VueScan's workflow is in its tabs, the menus have more of a subordinate function. The tabs are ordered in a very logical way: You work from leftmost (Input) going right (you may omit the Color tab) to Output to determine the parameters for your scan, then press Preview or Scan, if necessary set the black and white point by using the graph and then go to Color to refine the Scan even more if so desired. Actually you can press Preview anytime. VueScan holds the raw scan in memory but displays all changes you make in the preview window. But all those changes can be undone by resetting the values, since the original raw scan always remains in memory. So it is good to get in the habit of working the tabs from left to right because that is the natural workflow.

Once you find the settings to your liking, save the settings with File>Save Options so that you can use them next time a similar task comes up. VueScan is capable of saving settings to different unlimited profiles. I save to profiles frequently the same way I occasionally backup this text, so that I always have a known working backup of my settings.

Unfortunately VueScan cannot start up with a certain profile in the command line which would be a great boon for automating repetitive tasks.

When you click More in Advanced Mode, the program will give you full control over your scanning process. The interface will change to a very utilitarian design without any eye candy giving you long lists of dynamically changing options. The Prefs tab in particular is very long. If Ed could add a separate GUI tab to the interface and move all GUI related options to it, the Prefs tab would be much more ergonomic and less overwhelming. Sliders and spin buttons can be optionally used in addition to entering numeric values for many parameters. There is a bug in the GUI: When you set "Option panel width" setting to well below 300 and then just increase it by one unit, the options pane will be resized much more than just one unit. Also sometimes the options will slide down a bit leaving empty space in the upper part.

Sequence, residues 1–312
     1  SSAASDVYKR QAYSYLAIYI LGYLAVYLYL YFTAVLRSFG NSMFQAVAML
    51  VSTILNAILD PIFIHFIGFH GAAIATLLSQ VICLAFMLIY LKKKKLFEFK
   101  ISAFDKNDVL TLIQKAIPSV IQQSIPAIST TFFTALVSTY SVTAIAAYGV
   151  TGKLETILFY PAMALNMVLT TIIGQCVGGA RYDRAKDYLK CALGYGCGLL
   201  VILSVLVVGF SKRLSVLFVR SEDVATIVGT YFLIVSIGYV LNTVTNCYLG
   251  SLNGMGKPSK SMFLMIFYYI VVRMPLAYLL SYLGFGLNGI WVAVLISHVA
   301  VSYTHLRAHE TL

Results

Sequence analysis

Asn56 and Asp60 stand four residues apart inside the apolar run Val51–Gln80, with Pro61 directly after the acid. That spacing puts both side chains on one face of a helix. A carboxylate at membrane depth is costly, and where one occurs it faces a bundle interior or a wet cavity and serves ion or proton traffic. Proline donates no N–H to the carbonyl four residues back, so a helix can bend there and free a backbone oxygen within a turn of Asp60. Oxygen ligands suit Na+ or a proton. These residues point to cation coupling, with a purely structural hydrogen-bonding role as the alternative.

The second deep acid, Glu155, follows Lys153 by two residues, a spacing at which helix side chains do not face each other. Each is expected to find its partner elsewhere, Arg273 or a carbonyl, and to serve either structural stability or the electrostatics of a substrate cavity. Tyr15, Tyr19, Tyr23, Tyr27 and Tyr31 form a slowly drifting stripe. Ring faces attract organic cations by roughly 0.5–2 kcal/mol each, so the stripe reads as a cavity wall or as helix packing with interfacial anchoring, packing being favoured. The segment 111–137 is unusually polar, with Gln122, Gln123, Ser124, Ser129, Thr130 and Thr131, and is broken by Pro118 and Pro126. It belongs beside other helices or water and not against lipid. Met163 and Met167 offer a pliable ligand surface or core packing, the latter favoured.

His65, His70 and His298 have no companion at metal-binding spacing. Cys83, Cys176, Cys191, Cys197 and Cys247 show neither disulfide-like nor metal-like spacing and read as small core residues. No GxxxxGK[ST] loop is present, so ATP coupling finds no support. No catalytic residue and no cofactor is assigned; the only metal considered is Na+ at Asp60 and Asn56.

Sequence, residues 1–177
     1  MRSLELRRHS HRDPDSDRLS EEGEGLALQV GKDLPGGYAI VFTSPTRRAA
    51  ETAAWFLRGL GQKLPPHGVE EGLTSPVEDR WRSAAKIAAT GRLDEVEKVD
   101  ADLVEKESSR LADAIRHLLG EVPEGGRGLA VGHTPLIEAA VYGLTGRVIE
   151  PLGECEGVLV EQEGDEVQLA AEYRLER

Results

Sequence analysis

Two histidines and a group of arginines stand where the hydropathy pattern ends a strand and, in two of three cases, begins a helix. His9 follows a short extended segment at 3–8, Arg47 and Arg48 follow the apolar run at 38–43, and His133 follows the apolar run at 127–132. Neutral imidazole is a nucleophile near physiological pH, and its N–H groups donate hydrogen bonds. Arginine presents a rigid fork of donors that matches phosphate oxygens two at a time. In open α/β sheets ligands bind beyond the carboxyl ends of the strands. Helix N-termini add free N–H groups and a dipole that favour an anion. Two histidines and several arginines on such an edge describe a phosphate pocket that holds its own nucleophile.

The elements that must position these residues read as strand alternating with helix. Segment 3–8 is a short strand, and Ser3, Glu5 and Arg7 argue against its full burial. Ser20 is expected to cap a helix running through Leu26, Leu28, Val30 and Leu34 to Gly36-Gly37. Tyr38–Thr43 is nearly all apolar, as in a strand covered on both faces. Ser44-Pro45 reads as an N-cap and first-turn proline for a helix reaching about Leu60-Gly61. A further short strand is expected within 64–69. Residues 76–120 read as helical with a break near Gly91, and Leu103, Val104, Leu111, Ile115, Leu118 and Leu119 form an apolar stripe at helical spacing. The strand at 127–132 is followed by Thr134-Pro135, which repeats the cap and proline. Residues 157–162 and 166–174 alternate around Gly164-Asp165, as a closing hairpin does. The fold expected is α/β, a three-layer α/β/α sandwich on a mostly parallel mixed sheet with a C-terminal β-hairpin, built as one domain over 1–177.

The bottom part of the interface consists of a status line which contains a brief workflow hint, the selected scanner and frame number, and a process progress display which will change upon scan completion to Output size in pixels, dpi, and mm as well as projected file size - all of these very useful data to have at your fingertips. So that all the scanning details are better visible even in a resized window, I would suggest to make "Input: Selected Scanner Name" in the bottom info line narrower and "Output: Scan Detail" wider or simply exchange them. A percentage of zoom indicator with a shortcut to jump to 100% for the image would be a useful addition here, because it is sometimes important in making adjustments to see at which zoom level one is inspecting an image.

VueScan uses the following mouse shortcuts. Since they are not documented in one central location let's list them here:

  • inspect before/after latest changes by left clicking on the image while keeping Alt key pressed
  • set white balance by right clicking on a neutral color within the image
  • restore the default color balance (=white balance setting) by right double-clicking on the image